Several Factors Have Led to a Decline in Partnerships at DOE's Laboratories
GAO-02-465, Apr 19, 2002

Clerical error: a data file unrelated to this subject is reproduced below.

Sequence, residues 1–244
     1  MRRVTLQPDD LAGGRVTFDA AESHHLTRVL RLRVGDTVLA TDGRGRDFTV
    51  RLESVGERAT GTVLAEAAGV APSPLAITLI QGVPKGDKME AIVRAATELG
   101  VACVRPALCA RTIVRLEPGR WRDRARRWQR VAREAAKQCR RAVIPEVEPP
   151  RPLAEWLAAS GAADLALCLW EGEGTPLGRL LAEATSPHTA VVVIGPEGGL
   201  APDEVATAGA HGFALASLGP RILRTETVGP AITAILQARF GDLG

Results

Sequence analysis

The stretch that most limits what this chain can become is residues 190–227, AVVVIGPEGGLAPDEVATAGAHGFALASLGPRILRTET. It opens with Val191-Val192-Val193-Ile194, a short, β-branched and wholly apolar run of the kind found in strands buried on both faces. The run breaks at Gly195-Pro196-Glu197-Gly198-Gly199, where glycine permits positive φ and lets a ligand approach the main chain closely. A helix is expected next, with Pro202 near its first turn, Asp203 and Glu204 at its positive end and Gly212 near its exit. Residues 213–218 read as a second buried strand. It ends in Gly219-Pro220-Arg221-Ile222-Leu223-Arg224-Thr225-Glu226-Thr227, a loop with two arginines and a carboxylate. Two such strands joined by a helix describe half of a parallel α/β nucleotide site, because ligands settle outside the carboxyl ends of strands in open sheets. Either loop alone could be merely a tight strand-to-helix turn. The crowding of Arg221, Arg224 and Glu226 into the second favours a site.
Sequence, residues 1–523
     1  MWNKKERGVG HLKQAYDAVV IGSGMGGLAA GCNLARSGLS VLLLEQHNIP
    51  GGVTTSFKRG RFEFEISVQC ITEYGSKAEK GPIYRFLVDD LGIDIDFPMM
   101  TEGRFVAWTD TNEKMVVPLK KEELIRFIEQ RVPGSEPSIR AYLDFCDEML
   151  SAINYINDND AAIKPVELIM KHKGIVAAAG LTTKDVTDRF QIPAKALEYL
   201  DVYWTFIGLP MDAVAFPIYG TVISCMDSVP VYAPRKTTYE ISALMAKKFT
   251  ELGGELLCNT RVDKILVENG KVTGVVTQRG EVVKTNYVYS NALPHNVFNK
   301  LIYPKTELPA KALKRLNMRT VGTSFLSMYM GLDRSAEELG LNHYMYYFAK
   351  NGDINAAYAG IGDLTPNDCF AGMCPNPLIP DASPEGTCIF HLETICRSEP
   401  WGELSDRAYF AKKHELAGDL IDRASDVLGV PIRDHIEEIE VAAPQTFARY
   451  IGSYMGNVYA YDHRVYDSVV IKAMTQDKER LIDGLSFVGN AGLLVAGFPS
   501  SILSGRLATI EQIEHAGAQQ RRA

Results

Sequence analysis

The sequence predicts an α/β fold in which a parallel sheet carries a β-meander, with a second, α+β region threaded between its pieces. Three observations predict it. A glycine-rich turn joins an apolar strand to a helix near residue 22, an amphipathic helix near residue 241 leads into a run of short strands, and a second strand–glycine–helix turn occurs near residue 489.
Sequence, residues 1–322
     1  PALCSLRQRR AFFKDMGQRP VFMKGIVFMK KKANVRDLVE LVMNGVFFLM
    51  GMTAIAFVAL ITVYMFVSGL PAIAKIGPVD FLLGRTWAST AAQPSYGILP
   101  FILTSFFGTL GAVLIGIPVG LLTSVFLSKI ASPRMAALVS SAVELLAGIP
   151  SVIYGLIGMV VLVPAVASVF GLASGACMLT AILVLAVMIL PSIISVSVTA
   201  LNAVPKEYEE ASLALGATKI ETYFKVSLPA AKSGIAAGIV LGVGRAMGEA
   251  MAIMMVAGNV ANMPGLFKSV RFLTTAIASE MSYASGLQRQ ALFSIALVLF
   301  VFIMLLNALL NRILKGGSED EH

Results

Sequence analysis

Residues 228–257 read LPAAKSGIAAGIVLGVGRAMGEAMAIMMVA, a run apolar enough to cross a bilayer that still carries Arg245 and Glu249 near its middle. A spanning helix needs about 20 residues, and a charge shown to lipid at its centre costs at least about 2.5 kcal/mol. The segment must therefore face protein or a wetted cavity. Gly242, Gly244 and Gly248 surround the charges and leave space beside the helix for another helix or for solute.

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Since 1980 Congress has passed laws to facilitate the transfer of technology from federal laboratories to U.S. businesses. In particular, the National Competitiveness Technology Transfer Act of 1989 authorized federal laboratories operated by contractors, including the Department of Energy's (DOE) national laboratories, to enter into cooperative research and development agreements (CRADA). Under a CRADA, the partner and DOE laboratory agree to jointly conduct research and typically share the research costs. By fiscal year 1992, DOE's national laboratories were among the leading federal laboratories participating in CRADAs. Recently however, the 12 laboratories that DOE surveyed have substantially reduced their CRADA partnerships and their technical assistance to small businesses. Instead, the laboratories have increasingly transferred technology through agreements that did not involve collaborative research and were funded by a business or other nonfederal entity. Managers at most of the laboratories say the lack of dedicated funding for technology for transfer to technology partnerships, including funding targeted to small businesses, is the most important barrier to their technology transfer activities. Managers at most laboratories said that DOE's lack of a high-level, effective advocate for technology transfer and DOE's lack of commitment to technology partnerships were important barriers. Several managers also said that requirements, such as DOE's advance payment clause, were often financially burdensome for small businesses.